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From a filthy flat in Tufnell Park to the starship Enterprise, it's fair to say that Simon Pegg's career didn't go quite the way he expected.
Zombies in North London, death cults in the West Country, a warp engine beyond the final frontier: Simon Pegg has been ploughing some bizarre furrows in recent times. Having blasted onto the small screens with his now legendary sitcom Spaced, his rise to the status of the nation's favourite son has been mercurial, meteoric, megatronnic, but mostly just plain great.
From his childhood (and subsequently adult) obsession with Star Wars, his often passionate friendship with Nick Frost, and his forays into stand-up which began with his regular Monday morning slot in front of his 12-year-old classmates, this is a joyous tale of a homegrown superstar and a local boy made good.
CONTENT WARNING: This book features discussion of Star Wars Episode I: The Phantom Menace, a film which some readers may find distressing.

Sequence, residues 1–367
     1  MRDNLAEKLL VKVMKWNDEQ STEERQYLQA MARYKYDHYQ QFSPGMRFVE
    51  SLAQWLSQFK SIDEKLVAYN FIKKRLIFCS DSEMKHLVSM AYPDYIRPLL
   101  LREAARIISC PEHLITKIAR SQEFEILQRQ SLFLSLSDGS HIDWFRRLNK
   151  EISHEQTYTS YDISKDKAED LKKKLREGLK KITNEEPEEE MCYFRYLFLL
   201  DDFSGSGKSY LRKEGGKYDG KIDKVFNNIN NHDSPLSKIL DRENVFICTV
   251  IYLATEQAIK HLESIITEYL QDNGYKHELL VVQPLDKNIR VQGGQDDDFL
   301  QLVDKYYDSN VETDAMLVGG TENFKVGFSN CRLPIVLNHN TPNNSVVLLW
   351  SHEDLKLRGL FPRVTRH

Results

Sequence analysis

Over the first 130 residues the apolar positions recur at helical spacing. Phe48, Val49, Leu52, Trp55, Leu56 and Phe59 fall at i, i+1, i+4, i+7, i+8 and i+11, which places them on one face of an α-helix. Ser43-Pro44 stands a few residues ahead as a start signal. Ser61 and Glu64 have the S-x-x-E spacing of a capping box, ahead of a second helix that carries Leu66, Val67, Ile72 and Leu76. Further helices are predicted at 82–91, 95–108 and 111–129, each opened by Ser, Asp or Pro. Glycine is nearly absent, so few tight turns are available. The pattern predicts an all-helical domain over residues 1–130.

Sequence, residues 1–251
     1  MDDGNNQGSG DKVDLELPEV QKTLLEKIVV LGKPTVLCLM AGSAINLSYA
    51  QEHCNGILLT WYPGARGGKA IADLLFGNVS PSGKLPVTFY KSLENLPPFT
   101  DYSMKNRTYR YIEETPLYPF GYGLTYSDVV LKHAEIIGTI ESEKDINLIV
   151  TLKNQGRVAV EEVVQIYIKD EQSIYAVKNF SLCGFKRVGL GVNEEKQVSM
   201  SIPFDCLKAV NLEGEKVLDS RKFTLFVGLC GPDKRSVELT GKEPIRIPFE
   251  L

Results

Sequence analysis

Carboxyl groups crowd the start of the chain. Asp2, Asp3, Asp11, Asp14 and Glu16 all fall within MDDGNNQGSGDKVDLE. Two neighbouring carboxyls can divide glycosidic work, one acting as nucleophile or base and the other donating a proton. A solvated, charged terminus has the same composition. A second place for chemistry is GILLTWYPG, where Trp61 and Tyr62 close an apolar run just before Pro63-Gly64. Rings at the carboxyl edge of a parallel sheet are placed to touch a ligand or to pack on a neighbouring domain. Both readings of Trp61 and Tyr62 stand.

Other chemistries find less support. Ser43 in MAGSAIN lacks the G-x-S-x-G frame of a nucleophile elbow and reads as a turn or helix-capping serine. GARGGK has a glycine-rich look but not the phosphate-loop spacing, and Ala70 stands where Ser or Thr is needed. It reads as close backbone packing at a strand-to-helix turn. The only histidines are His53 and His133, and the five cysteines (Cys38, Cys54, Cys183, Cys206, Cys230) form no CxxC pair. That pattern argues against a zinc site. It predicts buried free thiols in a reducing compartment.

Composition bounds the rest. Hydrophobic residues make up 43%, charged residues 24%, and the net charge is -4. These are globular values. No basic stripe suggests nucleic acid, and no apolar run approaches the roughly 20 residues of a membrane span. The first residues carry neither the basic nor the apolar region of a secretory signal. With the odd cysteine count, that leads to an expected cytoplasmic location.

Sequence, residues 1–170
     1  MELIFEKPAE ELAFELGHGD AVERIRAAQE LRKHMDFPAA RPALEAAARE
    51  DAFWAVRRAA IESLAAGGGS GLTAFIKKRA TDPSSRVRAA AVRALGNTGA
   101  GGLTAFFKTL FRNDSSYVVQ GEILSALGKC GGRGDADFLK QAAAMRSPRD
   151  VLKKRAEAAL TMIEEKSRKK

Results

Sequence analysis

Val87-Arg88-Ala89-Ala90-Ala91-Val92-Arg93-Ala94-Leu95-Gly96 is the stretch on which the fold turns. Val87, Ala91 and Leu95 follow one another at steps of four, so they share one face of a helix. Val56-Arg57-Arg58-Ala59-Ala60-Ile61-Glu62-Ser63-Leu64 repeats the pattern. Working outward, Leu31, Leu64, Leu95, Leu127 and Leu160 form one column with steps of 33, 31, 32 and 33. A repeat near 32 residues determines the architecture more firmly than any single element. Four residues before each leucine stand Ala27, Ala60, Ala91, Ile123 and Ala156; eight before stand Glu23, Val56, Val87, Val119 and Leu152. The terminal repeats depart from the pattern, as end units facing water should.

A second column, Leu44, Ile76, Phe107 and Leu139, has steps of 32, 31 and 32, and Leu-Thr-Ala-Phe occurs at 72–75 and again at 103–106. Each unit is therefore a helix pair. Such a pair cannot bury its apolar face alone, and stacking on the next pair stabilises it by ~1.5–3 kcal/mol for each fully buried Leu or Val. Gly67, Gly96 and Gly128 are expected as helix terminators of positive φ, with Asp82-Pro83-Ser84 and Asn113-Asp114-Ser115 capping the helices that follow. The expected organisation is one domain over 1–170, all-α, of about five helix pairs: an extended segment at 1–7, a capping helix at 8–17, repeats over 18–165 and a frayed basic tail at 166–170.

In this memoir, Pegg, the British comedian-writer-director of the zombie film spoof Shaun of the Dead, admits that he is offering an account of his "journey from ordinary nerd to nerd participating in the world that made him nerdy in the first place," with an emphasis on the irony of how his childhood passions (Star Trek) have reappeared in his adult career (a role in the most recent Star Trek movie). But Pegg doesn t even discuss Shaun the film that brought him to the attention of U.S. audiences, and which most readers would want to know more about until more than three-quarters of the way through his book. Up to then, his book is, unfortunately, a standard-issue celebrity bio: early childhood experiences (kissing), discovering a love for comedy and film, his college-era comedic efforts, etc. Between chapters, Pegg offers a fake autobiography the one he says he really wanted write about his life as a superhero with a robotic butler. But the fake story isn t really that funny, and the real anecdotes aren t really that interesting.